Thursday, December 04, 2008


I don't have time for a long post tonight.  I've been trying to post as much as I can, but life has slide through my fingers like water over the last few months.  Or crumbled in my grasp.  Or something like that.  

It's not all bad.  It's a chiropractic readjustment of my psychic spine.  What keeps me vertical, in-line, head up?  Who the hell knows?

I've been reviewing my resume lately--in part trying to figure out how I got here, as though studying the "work history" blocks on this thing would help me.  There's a separate section for education, and there was an awful lot in that (I am severely over-educated--probably in the middle ages I would have been bled to remove excess knowledge).  Then there was a block about the surprisingly wide variety of activities I'd done for Alice James Books: small donor bundling fundraising, book publicity (media), manuscript screening.  And a handful of other arts activities.  There was a more or less self-promotion section--important if I were looking for an academic job, I guess--publications, readings, workshops.  And the dreaded "work history."  This involves two separate blocks for my current job, one on staff, one of much longer duration for consulting, a stint at a private school, a stint as a teaching fellow at the university at which I earned my doctorate, work for a Senate committee, work for an arts trade association.  Several of these positions were quite junior, but at least they were for interesting places.  

And I looked and looked at this stuff.  I even mocked up a section, half in jest, about "PRIMARY CAREGIVER FOR DISABLED CHILD," and listed all the stuff I do for Robert: medical manager, insurance manager, caregiver coordinator.  I added all kinds of solid resume verbs and represented my various tasks.  Actually, it looked kind of impressive:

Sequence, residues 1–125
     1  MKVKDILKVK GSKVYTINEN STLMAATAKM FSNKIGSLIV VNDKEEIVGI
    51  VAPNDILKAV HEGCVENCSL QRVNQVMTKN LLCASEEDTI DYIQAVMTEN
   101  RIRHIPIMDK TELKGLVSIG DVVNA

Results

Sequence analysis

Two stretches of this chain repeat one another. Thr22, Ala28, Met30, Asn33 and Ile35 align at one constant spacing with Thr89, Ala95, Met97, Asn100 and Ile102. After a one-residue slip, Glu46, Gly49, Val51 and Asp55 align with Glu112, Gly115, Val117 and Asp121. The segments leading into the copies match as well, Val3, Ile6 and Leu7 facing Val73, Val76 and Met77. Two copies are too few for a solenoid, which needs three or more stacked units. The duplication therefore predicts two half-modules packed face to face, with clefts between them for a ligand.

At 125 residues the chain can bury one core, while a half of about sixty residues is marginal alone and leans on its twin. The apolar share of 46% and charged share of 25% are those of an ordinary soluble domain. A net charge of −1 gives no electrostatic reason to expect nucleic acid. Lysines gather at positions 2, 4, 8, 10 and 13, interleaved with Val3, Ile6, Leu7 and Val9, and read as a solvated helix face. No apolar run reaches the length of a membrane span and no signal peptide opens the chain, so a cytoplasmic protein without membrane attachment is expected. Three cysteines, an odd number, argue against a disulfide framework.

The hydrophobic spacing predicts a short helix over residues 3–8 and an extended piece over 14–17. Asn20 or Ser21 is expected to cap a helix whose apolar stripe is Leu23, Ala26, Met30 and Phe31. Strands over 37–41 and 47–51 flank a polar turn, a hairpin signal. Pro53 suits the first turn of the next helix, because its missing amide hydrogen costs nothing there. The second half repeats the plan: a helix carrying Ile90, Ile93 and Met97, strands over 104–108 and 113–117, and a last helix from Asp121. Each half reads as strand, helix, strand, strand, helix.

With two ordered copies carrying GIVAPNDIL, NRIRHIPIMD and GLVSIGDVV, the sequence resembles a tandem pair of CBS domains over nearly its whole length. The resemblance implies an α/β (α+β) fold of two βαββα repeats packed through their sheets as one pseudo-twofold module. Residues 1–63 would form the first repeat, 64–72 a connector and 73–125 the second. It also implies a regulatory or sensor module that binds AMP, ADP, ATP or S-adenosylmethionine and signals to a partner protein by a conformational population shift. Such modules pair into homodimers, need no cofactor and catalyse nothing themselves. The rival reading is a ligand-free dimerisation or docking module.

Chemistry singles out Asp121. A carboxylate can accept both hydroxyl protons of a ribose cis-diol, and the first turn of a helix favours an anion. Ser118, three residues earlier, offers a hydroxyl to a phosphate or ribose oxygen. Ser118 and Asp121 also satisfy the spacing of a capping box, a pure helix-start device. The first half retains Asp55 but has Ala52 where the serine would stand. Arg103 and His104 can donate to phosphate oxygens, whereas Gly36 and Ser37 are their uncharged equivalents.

Medical Manager, Education Coordinator, Summer 1998-present

Supervise all aspects of care for child with basal ganglia disease of unknown etiology.  Work with multiple pediatric specialists to develop care and treatment plans; manage health insurance and prescription drug benefits, including knowledge of extent of benefits, acquisition of appropriate authorizations, and develop understanding of and solutions to billing problems and explanation of benefits forms; work with physical therapists to identify and acquire appropriate durable medical equipment.  Work with school staff to develop appropriate Individualized Education Plan (IEP) in accordance with local, state, and federal laws and regulations; field questions from school staff; meet with school staff when necessary.  Supervise and provide training to  childcare providers and respite workers.

Too bad people would laugh at me if I actually had it on my resume.  Oh, and I forgot to add taking him to therapy appointments and working with physical therapists.  Maybe I should list the names of the medical specialists?  But I've spent ten years of my life doing this--don't I deserve some kind of career credit for it?  It's been both a labor of love and a job.  

I filed it under "significant non-paid experience" along with the Alice James stuff, which was volunteer work.  

And does all of this add up to an honorable column of work?  There are gaps, sudden career shifts--things all over the map!  Arts, education, public-policy related work, entry level jobs.  It's a resume that makes no sense.  Anyone who looked at it would wonder what my objectives were, why I'd moved from this to that, why the gaps were there.  

I'm going to try talking to female friends who work and have careers with or without children, but without the obstacles I've faced and try to figure out what can be salvaged of my professional life.  Let's hope they don't just gasp!


Elizabeth said...

I love this. I think we should start a blog for special needs parents' resumes. It'd be BIG.

jeneva said...

That sounds really interesting--what are the parameters? How do we start?